Evaluation of the sports participation candidate (incomplete!)

I. Identifying patients at risk for sudden cardiac death:

  1. Conditions associated with sudden cardiac death in athletes:
    1. Marfan syndrome
    2. Hypertrophic cardiomyopathy
    3. Congenital cardiac anomalies
    4. Anomalous coronary arteries
    5. Electrical disorders e.g. Wolff-Parkinson-White or long QT syndrome
    6. Commotio cordis (sudden cardiac death after direct chest trauma).
  2. History: Chest pain, dyspnea, presyncope, or syncope associated with exercise
  3. Family history of:
    1. Premature (< 50yo) cardiac death or cardiac disability
    2. Known hypertrophic or dilated cardiomyopathy, long QT syndrome or other ion-channelopathies, Marfan syndrome, or significant dysrhythmias
  4. Px: BP, exam for cardiac murmurs.  Systolic ejection murmurs are common in athletes; maneuvers that decrease preload (e.g. squat-to-stand or Valsalva) make such murmurs softer; if the murmur gets louder may suggest hypertrophic cardiomyopathy (see below).  Also physical stigmata of Marfan Syndrome
  5. If murmur or worrisome symptoms are present:
    1. Assess change with maneuvers that decrease preload (see above)
    2. Palpate femoral arteries and look for physical stigmata of Marfan syndrome (the former for coarctation of the aorta)
    3. Consider 12-lead ECG (note-often will show sinus bradycardia, first-degree AV block, and/or voltage criteria for LVH in highly conditioned athletes) and echocardiogram

Potential contraindications to sports participation:

I. Hypertrophic cardiomyopathy

  1. The leading cause of sudden crdiac death in athletes younger than 30yo
  2. Often have h/o exertional syncope, dizziness, or chest pain
  3. Systolic murmur that increases with Valsalva
  4. Thickened ventricular septum on Echo
  5. If symptomatic, shouldn't play sports; if asymptomatic, should only do low-intensity sports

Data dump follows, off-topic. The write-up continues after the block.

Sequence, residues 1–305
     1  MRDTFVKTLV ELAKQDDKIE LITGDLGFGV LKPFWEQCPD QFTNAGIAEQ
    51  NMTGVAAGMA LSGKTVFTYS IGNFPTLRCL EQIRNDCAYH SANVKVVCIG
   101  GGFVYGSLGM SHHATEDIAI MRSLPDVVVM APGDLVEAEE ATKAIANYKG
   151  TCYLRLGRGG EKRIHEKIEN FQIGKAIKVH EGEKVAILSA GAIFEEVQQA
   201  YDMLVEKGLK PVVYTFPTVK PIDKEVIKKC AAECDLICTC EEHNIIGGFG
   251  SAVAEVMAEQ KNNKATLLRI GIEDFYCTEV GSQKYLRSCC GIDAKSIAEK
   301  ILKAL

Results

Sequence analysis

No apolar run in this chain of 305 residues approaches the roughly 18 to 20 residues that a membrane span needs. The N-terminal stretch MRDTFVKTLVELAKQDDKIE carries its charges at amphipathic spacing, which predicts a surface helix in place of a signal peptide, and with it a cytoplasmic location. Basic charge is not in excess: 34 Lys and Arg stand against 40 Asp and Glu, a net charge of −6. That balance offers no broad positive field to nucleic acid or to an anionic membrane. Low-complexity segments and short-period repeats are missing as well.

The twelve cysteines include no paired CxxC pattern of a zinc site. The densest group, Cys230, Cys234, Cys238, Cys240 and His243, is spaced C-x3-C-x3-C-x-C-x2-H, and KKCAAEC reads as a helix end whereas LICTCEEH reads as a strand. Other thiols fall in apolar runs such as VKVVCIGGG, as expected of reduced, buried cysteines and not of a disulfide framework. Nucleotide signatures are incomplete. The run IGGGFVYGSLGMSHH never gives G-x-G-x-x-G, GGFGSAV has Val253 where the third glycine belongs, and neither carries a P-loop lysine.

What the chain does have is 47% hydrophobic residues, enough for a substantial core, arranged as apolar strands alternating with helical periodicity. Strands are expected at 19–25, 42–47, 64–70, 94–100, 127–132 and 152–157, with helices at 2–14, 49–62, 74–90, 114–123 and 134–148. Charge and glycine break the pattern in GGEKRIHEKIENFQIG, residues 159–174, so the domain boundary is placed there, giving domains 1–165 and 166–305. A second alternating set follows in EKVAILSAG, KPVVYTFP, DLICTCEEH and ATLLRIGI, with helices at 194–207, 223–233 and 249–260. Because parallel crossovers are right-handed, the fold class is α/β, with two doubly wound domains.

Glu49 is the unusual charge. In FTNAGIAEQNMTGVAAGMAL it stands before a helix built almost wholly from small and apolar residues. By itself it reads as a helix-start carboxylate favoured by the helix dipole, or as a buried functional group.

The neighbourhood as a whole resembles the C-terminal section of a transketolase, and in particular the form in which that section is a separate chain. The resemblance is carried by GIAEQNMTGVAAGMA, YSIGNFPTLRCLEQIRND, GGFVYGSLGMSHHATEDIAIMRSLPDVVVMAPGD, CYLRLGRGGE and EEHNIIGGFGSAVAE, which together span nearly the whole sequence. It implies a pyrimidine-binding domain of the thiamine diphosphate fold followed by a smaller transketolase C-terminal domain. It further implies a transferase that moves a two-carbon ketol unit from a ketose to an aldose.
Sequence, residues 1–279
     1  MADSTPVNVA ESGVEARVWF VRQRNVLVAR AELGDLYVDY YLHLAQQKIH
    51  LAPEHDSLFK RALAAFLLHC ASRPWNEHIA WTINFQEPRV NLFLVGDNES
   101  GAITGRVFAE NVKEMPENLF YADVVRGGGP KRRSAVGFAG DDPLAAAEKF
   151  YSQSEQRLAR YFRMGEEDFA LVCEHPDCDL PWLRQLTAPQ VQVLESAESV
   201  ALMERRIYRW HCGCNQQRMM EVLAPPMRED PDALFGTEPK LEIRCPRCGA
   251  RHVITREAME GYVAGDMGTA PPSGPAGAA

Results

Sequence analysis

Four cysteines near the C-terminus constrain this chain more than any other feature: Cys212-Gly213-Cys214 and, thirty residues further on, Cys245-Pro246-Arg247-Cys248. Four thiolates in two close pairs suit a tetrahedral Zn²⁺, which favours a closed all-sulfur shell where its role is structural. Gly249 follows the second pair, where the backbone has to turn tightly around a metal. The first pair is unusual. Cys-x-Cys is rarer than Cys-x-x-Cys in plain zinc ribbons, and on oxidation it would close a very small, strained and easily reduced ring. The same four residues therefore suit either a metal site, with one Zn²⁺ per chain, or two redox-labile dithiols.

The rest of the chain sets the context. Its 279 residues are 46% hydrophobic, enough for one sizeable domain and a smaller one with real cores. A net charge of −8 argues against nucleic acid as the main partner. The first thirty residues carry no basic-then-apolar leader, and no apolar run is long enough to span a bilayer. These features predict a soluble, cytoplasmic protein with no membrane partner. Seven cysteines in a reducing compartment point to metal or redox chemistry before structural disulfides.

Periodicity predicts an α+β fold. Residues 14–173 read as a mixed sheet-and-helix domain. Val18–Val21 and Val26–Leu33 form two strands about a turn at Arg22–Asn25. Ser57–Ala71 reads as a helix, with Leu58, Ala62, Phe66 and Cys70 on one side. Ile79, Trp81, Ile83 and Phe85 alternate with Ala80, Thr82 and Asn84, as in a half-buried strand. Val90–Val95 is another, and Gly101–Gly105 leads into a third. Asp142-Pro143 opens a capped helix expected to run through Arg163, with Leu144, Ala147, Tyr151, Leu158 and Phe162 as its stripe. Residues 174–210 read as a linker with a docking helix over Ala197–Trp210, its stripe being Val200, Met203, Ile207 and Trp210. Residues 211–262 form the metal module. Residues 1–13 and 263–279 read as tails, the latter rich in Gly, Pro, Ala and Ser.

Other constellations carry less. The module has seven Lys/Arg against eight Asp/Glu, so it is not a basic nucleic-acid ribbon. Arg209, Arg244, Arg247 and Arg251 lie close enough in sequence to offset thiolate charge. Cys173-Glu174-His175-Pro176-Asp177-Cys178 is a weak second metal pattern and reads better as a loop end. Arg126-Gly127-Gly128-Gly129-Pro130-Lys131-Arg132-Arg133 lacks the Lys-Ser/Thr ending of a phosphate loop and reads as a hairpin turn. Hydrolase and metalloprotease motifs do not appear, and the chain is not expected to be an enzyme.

II. Mitral valve prolapse

  1. Only limit sports participation if documented arrhythmogenic syncope, repetitive SVT or other arrhythmia, family h/o sudden death ass'd with MVP, h/o thromboembolism (if any, can only do low-intensity sports)

III. Wolff-Parkinson-White syndrome

  1. If no structural heart disease and asymptomatic, can do all sports; otherwise, limit to low-intensity sports

IV. Long QT sd.-must not do any sports; high risk of sudden death with activity

V. Other cardiac conditions that may limit participation: aortic stenosis, coarctation of aorta (usually dx'd before a sports physical takes place), myocarditis, HTN

VI. Seizure disorders-if well controlled can do any sports, even though head trauma may precipitate sz in people with epilepsy; avoid sports in which a seizure could result in serious injury (weight lifting, archery, swimming)

VII. Concussion history-Click HERE for details

VIII. Fever or ongoing carditis are contraindications to sports participation until resolved

IX. Atlantoaxial instability

  1. Can occur in patients with Down Syndrome or juvenile rheumatoid arthritis; may result in spinal cord injury with neck trauma.
  2. Generally needs individualized risk stratification

(Sources include "26th Bethesda Conference" J. Am. Coll. Cardiol. 24:845, 1994, cited in Phys. Sportsmed. 24:47, 1996; Core Content Review of Family Medicine, 2012).